July 30 2014 Latest news:
Tuesday, April 1, 2014
It is estimated that around 500 men left the west Suffolk village of Long Melford to fight in the First World War.
The names of the 95 who lost their lives in the conflict are listed on the village war memorial and the sacrifice they made has never been forgotten.
But to mark the 100th anniversary of the start of the war, volunteer historians at Long Melford Heritage set themselves a mission to find out more about some of those who survived.
They put out an appeal for families of former soldiers to come forward with photographs and memorabilia, and were amazed at the response.
Some of the stories they uncovered will be told at a display at the heritage centre and will eventually go into a book.
Among those featured is the village’s undisputed “war hero”, Regimental Sergeant Major Walter Goody, who died from his wounds aged just 32.
A member of the 7th Battalion Suffolk Regiment, he was awarded the Miltary Cross, Military Medal, Order of Leopold 2nd of Belgium and was twice mentioned in dispatches.
RSM Goody’s great nephew, David Barker, had recently moved back to Long Melford and read about the heritage centre project in the paper.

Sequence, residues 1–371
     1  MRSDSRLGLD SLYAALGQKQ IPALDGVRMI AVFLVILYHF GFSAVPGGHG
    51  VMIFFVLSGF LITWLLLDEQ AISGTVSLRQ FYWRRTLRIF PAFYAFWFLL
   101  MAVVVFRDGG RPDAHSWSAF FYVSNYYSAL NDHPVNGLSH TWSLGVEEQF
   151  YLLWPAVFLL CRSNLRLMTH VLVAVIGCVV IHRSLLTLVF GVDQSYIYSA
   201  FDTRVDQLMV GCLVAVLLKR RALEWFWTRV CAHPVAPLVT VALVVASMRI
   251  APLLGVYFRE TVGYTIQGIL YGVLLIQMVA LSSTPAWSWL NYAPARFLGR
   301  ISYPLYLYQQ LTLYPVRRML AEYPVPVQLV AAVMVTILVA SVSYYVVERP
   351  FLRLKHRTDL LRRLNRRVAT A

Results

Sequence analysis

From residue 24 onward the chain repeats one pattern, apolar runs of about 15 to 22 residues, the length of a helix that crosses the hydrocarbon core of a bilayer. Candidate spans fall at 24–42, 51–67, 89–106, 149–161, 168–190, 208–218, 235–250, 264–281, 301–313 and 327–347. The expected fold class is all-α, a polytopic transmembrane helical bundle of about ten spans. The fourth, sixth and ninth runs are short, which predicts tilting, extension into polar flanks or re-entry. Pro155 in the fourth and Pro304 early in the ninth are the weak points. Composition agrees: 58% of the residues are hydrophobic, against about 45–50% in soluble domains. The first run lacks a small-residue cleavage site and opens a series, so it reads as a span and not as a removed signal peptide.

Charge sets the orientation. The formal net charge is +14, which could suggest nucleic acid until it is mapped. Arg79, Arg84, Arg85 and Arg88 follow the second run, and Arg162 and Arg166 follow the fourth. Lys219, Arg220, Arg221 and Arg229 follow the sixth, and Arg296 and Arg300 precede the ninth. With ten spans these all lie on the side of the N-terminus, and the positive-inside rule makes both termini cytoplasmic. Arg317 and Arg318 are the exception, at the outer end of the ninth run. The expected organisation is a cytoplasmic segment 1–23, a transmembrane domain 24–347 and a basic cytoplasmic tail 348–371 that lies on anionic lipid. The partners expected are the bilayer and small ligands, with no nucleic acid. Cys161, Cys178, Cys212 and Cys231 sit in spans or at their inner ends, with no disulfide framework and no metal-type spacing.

In his loft, he discovered all of his great uncle’s war and service medals, his mention in dispatches clasp and a letter from King George V alongside other items including a swagger stick, trench whistle and Sam Brown belt.
Mr Barker said: “To be mentioned in dispatches meant he must have done something incredibly brave and my family always spoke about him and were extremely proud.
“We decided rather than keeping all these things hidden away, it would be good to have them on display so everyone can see the kind of men this village produced.”
Not all of the stories are about men though. The display, put together by volunteers led by David Gevaux and Anne Grimshaw, looks at several very different experiences such as that of Dorothy Younger of the Women’s Auxiliary Army Corps (WAAC). She was awarded the Croix de Guerre for being a stretcher bearer on the front.
The tale of another villager Alfred Woodhouse tells how he left the conflict with a gunshot “Blighty wound” sustained on November 20, 1917.
Mr Gevaux said: “The history of those we know who died in the conflict are relatively easy to track down but the ones of the survivors are those we really want to tell.
“We originally planned to trace all of the men who went from Long Melford but that will be a long-term project. At the end of it, we hope to produce a book for the village.”
The display will open to the public from April 19. Centre opening times are Saturday 10am to 4pm, Sunday noon to 4pm and Wednesday 2-4pm.